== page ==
Philadelphia, PA (PRWEB) March 28, 2012
From education researchers to classroom teachers, educators know that individualized instruction provides the best opportunity for students to learn at their own pace, in their own way, and be successful. However, a survey of superintendents, supervisors and principals attending the ASCD Annual Conference in Philadelphia, Penn., this week indicated that less than one-third (31 percent) believe they have the necessary time and/or resources to provide effective individualized instruction to at-risk students.
The informal survey, conducted by Lexia Learning polled nearly 150 education professionals at the ASCD Conference. Attendees were asked about their school or districts ability to provide individualized instruction to students of all levels including at-risk, on-level and advanced. Only one-third (36 percent) of educators polled indicated that teachers at their schools had the time and resources to effectively deliver individualized instruction for on-level students, while less than half (47 percent) believed they had the appropriate resources available to offer individualized instruction to advanced students.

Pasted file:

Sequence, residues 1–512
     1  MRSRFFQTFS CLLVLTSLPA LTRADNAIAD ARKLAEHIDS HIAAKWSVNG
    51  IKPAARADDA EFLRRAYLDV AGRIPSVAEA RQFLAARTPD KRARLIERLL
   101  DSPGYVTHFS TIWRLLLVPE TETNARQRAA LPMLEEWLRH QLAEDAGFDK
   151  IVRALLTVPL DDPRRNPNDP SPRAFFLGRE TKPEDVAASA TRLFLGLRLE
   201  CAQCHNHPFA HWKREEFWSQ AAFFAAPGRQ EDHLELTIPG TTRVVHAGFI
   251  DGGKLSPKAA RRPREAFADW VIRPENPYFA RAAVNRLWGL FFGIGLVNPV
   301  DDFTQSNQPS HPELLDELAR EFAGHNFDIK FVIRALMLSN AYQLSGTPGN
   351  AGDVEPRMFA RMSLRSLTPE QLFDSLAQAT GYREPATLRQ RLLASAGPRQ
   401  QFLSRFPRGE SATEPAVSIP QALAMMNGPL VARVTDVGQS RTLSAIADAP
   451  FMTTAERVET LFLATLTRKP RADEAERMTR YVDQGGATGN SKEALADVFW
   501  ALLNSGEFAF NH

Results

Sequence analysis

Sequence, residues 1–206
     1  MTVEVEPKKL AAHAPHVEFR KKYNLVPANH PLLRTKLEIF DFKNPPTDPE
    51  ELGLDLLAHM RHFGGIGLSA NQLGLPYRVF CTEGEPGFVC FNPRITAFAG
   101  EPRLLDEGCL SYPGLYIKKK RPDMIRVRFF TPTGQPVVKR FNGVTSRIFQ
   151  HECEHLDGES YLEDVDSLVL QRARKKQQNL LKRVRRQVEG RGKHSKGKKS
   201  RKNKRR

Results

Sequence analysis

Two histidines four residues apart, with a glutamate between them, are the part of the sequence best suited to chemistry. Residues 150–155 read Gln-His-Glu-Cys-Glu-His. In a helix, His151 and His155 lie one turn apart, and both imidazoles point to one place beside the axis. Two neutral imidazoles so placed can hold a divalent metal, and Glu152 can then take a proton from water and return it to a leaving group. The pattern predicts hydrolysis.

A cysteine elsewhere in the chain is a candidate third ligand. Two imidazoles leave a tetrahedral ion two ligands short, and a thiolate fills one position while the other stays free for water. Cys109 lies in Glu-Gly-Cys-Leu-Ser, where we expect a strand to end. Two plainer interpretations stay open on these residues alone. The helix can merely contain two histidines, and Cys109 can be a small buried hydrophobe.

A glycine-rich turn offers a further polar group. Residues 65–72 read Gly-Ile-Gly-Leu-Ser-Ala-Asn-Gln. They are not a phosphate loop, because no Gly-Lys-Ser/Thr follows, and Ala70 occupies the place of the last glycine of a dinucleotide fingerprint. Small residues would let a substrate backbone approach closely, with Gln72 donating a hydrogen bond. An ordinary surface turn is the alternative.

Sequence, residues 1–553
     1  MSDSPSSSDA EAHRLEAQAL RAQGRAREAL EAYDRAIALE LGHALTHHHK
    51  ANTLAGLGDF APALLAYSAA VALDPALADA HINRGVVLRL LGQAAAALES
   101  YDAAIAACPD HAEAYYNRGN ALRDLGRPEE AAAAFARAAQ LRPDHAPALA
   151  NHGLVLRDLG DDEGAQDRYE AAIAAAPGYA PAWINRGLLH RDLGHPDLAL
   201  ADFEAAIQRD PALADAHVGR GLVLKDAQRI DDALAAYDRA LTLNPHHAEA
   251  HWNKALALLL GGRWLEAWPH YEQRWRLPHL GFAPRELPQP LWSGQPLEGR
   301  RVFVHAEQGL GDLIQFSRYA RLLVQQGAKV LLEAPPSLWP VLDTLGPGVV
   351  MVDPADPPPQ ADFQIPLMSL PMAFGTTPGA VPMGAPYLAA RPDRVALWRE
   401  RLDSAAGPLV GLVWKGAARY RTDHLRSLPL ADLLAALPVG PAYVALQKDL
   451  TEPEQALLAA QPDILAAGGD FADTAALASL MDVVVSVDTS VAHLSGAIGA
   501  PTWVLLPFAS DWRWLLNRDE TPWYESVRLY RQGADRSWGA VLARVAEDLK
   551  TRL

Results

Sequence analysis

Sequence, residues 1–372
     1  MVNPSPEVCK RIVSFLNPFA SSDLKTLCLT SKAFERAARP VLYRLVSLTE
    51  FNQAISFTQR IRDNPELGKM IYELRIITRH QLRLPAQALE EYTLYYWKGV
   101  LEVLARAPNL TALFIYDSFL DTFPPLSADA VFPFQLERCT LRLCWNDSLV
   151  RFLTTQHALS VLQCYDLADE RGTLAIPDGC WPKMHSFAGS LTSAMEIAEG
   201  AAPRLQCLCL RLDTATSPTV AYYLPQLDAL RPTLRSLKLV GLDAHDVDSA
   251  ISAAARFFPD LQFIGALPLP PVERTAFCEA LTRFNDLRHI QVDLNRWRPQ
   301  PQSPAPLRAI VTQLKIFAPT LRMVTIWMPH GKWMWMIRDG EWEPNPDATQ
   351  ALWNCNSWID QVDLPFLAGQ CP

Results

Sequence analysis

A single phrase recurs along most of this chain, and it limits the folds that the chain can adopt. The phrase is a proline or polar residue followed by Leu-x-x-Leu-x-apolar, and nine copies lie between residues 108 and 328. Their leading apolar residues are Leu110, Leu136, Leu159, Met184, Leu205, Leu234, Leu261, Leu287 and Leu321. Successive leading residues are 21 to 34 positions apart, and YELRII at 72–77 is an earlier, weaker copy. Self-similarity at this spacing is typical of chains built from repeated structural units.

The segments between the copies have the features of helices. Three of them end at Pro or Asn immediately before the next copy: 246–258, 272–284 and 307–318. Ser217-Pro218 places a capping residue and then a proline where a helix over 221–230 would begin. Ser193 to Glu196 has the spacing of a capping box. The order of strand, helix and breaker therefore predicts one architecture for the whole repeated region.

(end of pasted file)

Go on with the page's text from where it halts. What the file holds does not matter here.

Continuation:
While most educators agree that a one-size-fits-all approach to instruction doesnt work, it is troubling that very few feel they have the resources to individualize instruction to meet students needs, said Lexia President and CEO Nick Gaehde. However, a student-driven approach to learning that incorporates educational technology provides an individualized path for each student, and allows teachers to intervene with direct instruction when necessary.
Those surveyed were also asked about the burden of traditional testing, which continues to be a drain on school resources. Less than one-third (30 percent) of the respondents indicated that teachers at their school were able to gather student performance data without compromising the amount of instruction time available.
We continue hear from educators regarding their desire to test less and teach more, said Gaehde. However, educators are stating that the frequency and amount of assessment is impeding their ability to deliver effective instruction. That is why many schools are turning to an embedded assessment model, which reduces the burden of traditional testing, while providing the necessary data to inform instruction.